The RNLI's Chief Executive has written to the government asking to restrict access to beaches, after two people died on Cornwall's coastline.
Jonty speaks to the Chief Executive of the RNLI, Mark Dowie:
Despite warning the public that the roll-out of lifeguards has been paused because of the pandemic, thousands have been flocking to the region's coastal areas in recent weeks.
In the open letter, Mark Dowie said the easing of lockdown restrictions has put the charity in an "impossible situation".
He has requested the government restricts "access to the coast until we have lifeguard patrols back on beaches".
Mr Dowie's letter follows the deaths of two people in Cornwall on Bank Holiday Monday, with one other person in hospital with life-changing injuries.
Despite our warnings that there were no lifeguards on patrol this weekend, crowded beaches, hot weather and big waves meant our lifeboat crews had their busiest weekend so far this year. At least two people lost their lives. This puts the RNLI in an impossible situation. With thousands flocking to English beaches now lockdown restrictions have been eased, we must choose between keeping the public or our lifeguards safe.
Mr Dowie continued, "As a lifesaving charity, the RNLI cannot stop people going to beaches - but the government can - before more lives are lost around our coast this summer."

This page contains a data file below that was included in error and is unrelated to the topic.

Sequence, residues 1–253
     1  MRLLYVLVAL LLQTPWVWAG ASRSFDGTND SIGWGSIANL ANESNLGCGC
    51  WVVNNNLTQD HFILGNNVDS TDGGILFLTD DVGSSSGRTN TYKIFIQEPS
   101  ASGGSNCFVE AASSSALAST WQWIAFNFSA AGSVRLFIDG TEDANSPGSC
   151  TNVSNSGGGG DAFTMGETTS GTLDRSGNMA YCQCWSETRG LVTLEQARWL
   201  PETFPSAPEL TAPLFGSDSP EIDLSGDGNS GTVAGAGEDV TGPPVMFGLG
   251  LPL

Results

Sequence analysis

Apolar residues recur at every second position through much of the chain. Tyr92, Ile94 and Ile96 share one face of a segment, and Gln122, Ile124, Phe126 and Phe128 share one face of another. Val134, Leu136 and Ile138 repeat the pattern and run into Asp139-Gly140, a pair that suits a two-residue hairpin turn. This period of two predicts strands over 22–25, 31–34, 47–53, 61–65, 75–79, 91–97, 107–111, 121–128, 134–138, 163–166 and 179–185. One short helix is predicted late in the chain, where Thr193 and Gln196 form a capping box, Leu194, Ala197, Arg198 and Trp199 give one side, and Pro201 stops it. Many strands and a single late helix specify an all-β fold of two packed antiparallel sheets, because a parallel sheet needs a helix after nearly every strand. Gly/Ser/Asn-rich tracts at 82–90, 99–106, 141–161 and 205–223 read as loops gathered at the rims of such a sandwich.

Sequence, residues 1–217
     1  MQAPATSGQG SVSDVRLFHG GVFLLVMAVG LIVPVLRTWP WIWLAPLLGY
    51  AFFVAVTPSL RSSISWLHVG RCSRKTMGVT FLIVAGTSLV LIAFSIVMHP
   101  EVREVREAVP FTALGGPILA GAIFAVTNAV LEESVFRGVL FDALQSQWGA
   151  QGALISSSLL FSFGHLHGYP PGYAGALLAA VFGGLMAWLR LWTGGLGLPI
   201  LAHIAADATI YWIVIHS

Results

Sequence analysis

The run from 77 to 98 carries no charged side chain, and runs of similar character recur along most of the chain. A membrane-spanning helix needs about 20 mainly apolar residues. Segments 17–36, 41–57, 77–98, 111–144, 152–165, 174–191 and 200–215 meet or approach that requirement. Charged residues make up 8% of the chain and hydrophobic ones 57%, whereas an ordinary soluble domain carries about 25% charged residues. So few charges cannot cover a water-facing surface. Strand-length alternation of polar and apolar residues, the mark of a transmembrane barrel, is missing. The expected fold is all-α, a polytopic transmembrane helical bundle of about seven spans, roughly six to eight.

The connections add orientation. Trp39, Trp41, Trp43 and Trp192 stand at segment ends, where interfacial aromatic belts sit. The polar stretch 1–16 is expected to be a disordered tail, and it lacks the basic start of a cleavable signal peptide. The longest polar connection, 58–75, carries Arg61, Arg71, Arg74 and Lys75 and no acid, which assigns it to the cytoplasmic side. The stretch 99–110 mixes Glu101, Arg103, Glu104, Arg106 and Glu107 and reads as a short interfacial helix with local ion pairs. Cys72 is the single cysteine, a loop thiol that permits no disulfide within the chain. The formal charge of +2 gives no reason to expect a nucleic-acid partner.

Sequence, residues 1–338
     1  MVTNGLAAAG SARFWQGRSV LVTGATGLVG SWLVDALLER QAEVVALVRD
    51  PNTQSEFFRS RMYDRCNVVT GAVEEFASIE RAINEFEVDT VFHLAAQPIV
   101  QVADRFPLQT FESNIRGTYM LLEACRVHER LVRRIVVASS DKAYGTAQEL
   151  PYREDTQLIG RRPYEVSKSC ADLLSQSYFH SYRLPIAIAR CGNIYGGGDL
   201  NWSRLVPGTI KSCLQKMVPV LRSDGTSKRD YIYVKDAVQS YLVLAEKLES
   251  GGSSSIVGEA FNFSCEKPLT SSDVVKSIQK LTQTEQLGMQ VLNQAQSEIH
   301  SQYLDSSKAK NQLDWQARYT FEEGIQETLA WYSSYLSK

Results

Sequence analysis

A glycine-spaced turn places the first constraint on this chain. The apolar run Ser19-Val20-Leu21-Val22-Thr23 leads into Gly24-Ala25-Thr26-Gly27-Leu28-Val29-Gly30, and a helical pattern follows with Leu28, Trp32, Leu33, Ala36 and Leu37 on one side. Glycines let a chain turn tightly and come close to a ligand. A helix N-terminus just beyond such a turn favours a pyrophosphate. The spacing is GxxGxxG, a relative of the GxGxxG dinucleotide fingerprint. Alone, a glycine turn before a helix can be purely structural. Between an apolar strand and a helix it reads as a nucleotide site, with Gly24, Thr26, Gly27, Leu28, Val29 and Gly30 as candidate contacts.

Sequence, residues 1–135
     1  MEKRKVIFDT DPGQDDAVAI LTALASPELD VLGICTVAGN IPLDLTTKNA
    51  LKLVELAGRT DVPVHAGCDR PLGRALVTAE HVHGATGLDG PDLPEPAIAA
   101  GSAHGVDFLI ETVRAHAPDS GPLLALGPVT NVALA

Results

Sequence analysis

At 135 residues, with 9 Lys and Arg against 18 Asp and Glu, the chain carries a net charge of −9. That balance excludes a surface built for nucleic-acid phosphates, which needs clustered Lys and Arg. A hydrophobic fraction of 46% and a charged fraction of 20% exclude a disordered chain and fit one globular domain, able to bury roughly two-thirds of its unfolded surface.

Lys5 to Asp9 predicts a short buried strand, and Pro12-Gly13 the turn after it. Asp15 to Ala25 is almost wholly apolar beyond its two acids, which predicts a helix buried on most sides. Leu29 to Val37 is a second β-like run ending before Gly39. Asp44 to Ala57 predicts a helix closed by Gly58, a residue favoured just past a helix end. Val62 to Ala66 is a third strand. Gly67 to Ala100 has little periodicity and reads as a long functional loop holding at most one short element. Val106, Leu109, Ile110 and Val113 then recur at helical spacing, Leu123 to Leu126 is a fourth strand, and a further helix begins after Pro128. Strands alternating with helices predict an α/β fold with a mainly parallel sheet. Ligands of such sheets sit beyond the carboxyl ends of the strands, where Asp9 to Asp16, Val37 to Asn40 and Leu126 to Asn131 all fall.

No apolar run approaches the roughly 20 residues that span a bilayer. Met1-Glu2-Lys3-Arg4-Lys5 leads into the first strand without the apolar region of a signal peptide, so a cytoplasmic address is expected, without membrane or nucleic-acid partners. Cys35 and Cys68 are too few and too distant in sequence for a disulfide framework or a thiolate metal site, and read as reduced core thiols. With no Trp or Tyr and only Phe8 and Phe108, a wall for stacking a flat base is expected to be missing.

The RNLI's lifeguard service was paused in March at the start of the coronavirus outbreak.
Despite wanting to help members of the public, the charity has explained the challenges its facing to keep lifeguards safe from contracting Covid-19.
Rolling out a lifeguard service – especially in a pandemic – is not as simple as putting a lifeguard on a beach. We found out about the easing of lockdown restrictions in England at the same time and in the same way as the general public. Contrast that with shops, which were given three weeks’ notice and even car showrooms have been given 7-days warning to prepare. We have to work out how to do in-water rescues and give first aid – normally conducted at close quarters and often with people coughing up water. We have to find PPE that will work on a beach and in the water – visors and aprons are no good on a rescue board. And we have to train our lifeguards in procedures to reduce the risk of infection. All this takes time and we learnt of the lifting of restrictions at the same time as everyone else.
Mr Dowie also stressed the future of the charity is at risk because of the crisis.
He said it faces a £45 million shortfall in funding by the end of the year because of the cancellation of fundraising events.
Government intervention is therefore needed, he says, to not only ensure the safety of the public, but the future of the life-saving charity.